If we do nothing, we will not have sustainable services for the future. We are facing a very difficult financial situation and if we do not change our system it will become financially unsustainable. This means we will not be able to afford the improvements needed to deliver consistently safe, high quality, sustainable care.
9. How will I know which hospital to go to if the proposed changes are implemented?
If the proposed changes go ahead, we would continue to encourage you to:
If the advice was to go to an Urgent Care Centre, appointments would be made directly by NHS 111.
Or you would be able to go directly to an Urgent Care Centre yourself. If our proposals go ahead, there would be an Urgent Care Centre at both Calderdale and Huddersfield.
If you became a patient as a result of a serious or life-threatening illness or injury, the ambulance staff who respond to your emergency will take you to the most appropriate hospital for your needs. This could be the proposed Emergency Centre at Calderdale or, like happens now for patients with serious multiple injuries, heart attacks or burns, to a Specialist Emergency Centre such as Leeds or Wakefield.
We have looked very closely at the different ways that we could use our two hospitals to address the challenges we face and ensure high quality, safe, sustainable and affordable services going forward.
The range and extent of challenges facing Calderdale and Huddersfield NHS Foundation Trust, other providers and local commissioners (the organisations who plan and buy hospital services) and public engagement has helped us to shape a future model.
In order to appraise our options, we applied a number of criteria: quality of care, access to care, value for money, deliverability, sustainability and co-dependencies with other strategies. Our appraisal supported the case for acute and emergency care services to be delivered from Calderdale Royal Hospital.
We looked at a number of ideas and ‘tested’ them against various criteria which you can read in detail in Options Criteria.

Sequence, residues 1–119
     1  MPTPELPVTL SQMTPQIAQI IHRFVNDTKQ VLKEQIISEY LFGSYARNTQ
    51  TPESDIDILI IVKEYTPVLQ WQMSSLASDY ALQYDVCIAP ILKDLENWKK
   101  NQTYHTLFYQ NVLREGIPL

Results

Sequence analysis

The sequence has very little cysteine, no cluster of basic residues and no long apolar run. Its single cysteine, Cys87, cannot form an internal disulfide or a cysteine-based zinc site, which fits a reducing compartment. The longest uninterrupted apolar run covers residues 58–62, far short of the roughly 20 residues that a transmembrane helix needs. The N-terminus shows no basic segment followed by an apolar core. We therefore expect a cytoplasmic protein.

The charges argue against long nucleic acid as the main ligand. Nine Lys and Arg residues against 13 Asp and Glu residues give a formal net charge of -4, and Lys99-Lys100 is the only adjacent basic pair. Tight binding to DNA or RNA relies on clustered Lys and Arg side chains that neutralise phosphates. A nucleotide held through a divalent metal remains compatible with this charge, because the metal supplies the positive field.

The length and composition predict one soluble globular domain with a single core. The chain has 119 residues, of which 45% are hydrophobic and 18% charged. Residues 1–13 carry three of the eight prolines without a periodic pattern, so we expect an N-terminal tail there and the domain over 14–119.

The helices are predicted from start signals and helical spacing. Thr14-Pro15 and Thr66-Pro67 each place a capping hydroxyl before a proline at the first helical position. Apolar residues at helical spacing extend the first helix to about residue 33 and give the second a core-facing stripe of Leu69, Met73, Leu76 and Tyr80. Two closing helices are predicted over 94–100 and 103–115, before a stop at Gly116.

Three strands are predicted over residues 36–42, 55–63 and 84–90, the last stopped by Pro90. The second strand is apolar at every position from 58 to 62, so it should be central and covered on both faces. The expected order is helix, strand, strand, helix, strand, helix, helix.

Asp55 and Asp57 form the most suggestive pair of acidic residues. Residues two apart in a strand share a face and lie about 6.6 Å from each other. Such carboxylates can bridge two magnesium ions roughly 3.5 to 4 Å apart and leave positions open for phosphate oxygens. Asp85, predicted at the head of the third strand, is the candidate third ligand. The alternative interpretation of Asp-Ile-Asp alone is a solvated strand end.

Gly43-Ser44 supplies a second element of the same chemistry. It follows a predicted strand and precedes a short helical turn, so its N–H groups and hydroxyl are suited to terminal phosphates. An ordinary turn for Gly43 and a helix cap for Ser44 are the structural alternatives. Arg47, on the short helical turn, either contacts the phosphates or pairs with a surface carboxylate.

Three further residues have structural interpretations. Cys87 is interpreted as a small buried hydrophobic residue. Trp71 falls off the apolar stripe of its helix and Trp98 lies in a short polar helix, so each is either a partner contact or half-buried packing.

We started with the clinical standards we needed to achieve and then identified the outcomes & benefit for patients we needed to deliver. We then involved clinicians from hospitals and CCGs and developed a potential clinical model. To find out more about this, read our pre-engagement information and what we did before we began the Consultation.
We then looked at how we could deliver this model and started with 11 options (that you can read about in this 11 options – PCBC extract) from minimum change to reconfiguration.
We then looked at the three viable options in greater detail against the criteria we designed to ensure we delivered against both clinical standards and the outcomes and benefits we need to achieve for patients.
We want to be honest with local people and are clear that our assessment shows that doing nothing would not achieve the improvements in quality and safety needed. Other alternatives to the proposed changes would be much more expensive and would be unlikely to attract the funding we would need to develop both hospitals.
We believe our proposed changes would result in the greatest overall benefits for people living across Calderdale and Greater Huddersfield.
We asked an independent body to help us understand the impact of our proposals on the Yorkshire Ambulance Service (YAS). This work concluded that there was no disproportionate impact on the Yorkshire Ambulance Service arising from choice of site. Any discussions on whether or not a reconfigured hospital service resulted in a requirement for ‘extra’ ambulance resources would be managed through the Clinical Commissioning Group (CCG) and YAS’s contractual discussions. As part of this, consideration would also be given to reductions in ambulance journeys arising from a reduction in the significant number of transfers that occur between our hospital sites on a daily basis at present.
The assessment of additional ambulance hours is summarised in the Pre-Consultation Business Case and the full report detailing how these figures were determined is also available (under Travel & Transport and in Hospital Services Reconfiguration Travel Analysis report -November 2015 and Hospital Services Reconfiguration Travel Analysis – supplementary report – November 2015).
YAS NHS Trust has been fully involved and engaged with the programme and therefore fully informed of the potential changes within the local health economy. The subsequent travel analysis was designed around YAS NHS Trust specification as well as the programme board’s requirements.